Simple Economics Too Complicated for Lou Dobbs?

I walked past a television at the hospital today, and Lou Dobbs was bemoaning that families could no longer afford college, though I’m sure his can. It seems to me that college tuition has always been expensive. There are many within living memory who were the first in their families to attend college. But it also seems to me as a naive observer that the explanation for the sharp increase in tuition costs over the past 20 years is relatively simple: demand exceeds supply. Why demand exceeds supply is a different question, but, again, I think that’s relatively simple: demand is increased by employers asking for college degrees because of the deflated value of a high school diploma — people think they need a college degree to get a good job — and supply is constrained by the accreditation process.

I think the same applies to health care costs, but think that the difference there is in the treatment of health insurance as a third-party payor rather than as a means to reduce one’s own risk.

In both cases, I do agree that they may be of great concern to voters — at least to those who also happen to be journalists — but I don’t think that a $500 Pell grant will significantly reduce the cost of a $40,000 tuition, nor that requiring health insurance for all citizens will reduce the demand for an over-priced good. Nor, even, that either is any business of the Federal government.

Sins of Omission

I’m bothered by The Media’s self-imposed role as society’s filter, particularly when it comes to elections. Take this very interesting electoral season for example. There’s no incumbent running for President, so it’s considered a “wide-open” race. Would that it were so.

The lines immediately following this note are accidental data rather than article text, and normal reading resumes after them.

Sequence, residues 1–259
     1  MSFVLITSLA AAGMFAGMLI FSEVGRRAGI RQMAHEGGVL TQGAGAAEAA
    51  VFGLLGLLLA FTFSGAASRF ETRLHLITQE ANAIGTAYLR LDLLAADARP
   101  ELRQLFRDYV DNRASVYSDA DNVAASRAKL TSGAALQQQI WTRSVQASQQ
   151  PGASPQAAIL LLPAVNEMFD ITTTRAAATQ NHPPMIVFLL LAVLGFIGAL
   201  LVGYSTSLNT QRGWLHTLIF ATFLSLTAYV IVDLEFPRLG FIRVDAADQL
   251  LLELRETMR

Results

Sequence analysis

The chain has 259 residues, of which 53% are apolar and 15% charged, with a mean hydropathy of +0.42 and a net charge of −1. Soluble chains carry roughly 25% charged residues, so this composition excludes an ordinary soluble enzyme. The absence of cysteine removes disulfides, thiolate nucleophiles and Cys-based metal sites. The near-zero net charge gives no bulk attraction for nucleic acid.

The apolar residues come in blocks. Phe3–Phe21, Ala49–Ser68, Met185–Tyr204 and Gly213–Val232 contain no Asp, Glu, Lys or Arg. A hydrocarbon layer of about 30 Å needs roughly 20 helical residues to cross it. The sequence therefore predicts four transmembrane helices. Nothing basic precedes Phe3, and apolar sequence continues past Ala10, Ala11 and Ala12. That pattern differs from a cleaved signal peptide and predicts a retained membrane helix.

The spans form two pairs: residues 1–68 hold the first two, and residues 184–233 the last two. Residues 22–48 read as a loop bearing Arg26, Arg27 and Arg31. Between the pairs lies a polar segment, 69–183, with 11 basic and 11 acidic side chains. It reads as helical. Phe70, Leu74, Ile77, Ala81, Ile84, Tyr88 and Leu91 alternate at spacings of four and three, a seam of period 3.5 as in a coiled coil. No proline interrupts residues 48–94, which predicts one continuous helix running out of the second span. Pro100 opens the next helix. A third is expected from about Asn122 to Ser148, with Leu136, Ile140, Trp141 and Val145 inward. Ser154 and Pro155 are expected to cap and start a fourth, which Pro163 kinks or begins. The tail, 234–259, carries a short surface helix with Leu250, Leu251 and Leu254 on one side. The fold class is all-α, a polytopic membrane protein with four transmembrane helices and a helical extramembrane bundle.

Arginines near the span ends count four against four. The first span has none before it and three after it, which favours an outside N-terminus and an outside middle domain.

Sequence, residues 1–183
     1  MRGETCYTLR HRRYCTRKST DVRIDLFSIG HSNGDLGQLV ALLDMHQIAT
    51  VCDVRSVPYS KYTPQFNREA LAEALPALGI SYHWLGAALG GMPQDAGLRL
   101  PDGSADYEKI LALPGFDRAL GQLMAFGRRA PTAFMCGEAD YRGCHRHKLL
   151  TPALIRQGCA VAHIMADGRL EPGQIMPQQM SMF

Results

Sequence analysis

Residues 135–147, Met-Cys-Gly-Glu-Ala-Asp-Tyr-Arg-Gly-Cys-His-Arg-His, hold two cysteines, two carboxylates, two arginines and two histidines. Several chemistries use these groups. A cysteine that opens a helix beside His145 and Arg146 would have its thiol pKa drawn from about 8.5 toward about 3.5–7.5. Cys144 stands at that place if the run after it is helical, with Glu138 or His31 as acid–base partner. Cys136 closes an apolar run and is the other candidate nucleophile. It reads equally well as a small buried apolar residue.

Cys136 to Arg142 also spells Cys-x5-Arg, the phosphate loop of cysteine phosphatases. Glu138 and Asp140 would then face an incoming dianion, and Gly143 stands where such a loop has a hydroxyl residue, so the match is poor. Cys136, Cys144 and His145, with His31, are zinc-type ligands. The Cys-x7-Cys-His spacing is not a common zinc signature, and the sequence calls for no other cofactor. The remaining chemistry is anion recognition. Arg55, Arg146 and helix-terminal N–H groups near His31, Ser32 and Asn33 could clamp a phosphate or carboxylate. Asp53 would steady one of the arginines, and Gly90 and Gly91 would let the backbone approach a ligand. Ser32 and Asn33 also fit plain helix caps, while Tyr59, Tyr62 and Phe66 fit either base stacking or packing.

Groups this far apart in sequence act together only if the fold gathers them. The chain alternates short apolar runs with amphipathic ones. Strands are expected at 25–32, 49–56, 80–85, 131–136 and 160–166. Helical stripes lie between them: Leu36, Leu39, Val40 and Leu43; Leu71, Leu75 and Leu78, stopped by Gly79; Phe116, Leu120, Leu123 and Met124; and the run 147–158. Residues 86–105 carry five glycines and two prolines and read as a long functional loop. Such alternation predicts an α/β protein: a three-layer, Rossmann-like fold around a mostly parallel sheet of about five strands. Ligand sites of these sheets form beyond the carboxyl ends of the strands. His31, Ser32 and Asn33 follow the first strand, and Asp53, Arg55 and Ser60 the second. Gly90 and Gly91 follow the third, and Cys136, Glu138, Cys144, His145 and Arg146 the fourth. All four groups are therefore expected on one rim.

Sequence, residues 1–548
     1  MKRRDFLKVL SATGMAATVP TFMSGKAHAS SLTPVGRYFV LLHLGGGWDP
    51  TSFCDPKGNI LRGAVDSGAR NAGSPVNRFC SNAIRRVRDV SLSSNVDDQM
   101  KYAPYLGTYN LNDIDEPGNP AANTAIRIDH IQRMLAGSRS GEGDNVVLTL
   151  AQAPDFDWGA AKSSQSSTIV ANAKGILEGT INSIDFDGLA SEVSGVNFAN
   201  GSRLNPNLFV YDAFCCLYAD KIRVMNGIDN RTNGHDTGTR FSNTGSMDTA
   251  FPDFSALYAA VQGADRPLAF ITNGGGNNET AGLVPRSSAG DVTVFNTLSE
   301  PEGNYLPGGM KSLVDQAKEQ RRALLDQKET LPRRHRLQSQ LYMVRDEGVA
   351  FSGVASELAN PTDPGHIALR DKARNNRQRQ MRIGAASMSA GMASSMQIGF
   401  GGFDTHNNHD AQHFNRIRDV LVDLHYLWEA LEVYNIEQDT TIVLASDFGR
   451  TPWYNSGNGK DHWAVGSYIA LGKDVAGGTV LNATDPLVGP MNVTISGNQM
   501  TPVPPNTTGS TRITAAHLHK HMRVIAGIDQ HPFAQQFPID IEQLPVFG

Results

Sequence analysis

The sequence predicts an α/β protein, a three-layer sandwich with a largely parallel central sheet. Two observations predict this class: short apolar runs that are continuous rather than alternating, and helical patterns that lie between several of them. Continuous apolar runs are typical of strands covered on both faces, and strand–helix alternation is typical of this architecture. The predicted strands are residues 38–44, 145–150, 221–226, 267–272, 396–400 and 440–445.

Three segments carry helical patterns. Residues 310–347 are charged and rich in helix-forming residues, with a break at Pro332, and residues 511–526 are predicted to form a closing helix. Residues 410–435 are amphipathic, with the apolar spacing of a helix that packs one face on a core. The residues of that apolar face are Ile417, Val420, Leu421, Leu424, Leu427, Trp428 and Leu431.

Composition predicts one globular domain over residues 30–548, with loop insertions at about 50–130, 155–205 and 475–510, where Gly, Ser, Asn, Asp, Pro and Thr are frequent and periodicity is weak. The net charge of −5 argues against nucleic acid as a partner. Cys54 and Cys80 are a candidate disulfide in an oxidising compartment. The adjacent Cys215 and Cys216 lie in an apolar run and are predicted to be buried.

In some cases the filtering is with adjectives, such as “front-runner,” a somewhat meaningless designation indicating which horse is in the lead at a given point in the race, made even more meaningless because it was used even before the gates opened. In other cases the filtering is with debate invitations. In others, with simple lists of the candidates. Take, for example, this nifty reworking of the New York Times’ results page.

There’s one problem: They lie.

As far as you can tell from this list, the only candidates are Hillary Clinton, Barack Obama, John Edwards, John McCain, Mitt Romney, Mike Huckabee, Rudy Giuliani, Fred Thompson. There are more, though some of them have dropped out. Click through to the detailed results, where the percentages aren’t rounded. On the Democratic side, there are Mike Gravel, Dennis Kucinich, and the dropouts Joe Biden, Christopher Dodd, and Bill Richardson. On the Republican, Duncan Hunter, Ron Paul, and the dropout Tom Tancredo. Bill Richardson put up a respectable showing for someone who would have been completely ignored by the journalists if he weren’t an Hispanic with an Anglo name. Ron Paul beat Giuliani in Iowa and Michigan, and Thompson in New Hampshire and Michigan; his 10% showing in Iowa, 7.7% in New Hampshire and 6.3% showing in Michigan completely disappears in the overview page. Heck, Dennis Kucinich got more votes in New Hampshire than Fred Thompson. I suppose Rudy’s there because New Yorkers are on a first-name basis with him, and Fred because, well, Law & Order is set in New York.

It’s an interesting race this year, even mediated. Stop filtering it.

Questions for the Candidates

Here are a couple of elementary civics questions which should be asked of the candidates.

What are the responsibilities of the President? Alternately, what is the job of the President? The answer is not “heal the sick, cure the lame, and raise the dead.”

The business of the Executive is to enforce the laws of the United States. Under what circumstances would you refuse to enforce a law passed by Congress?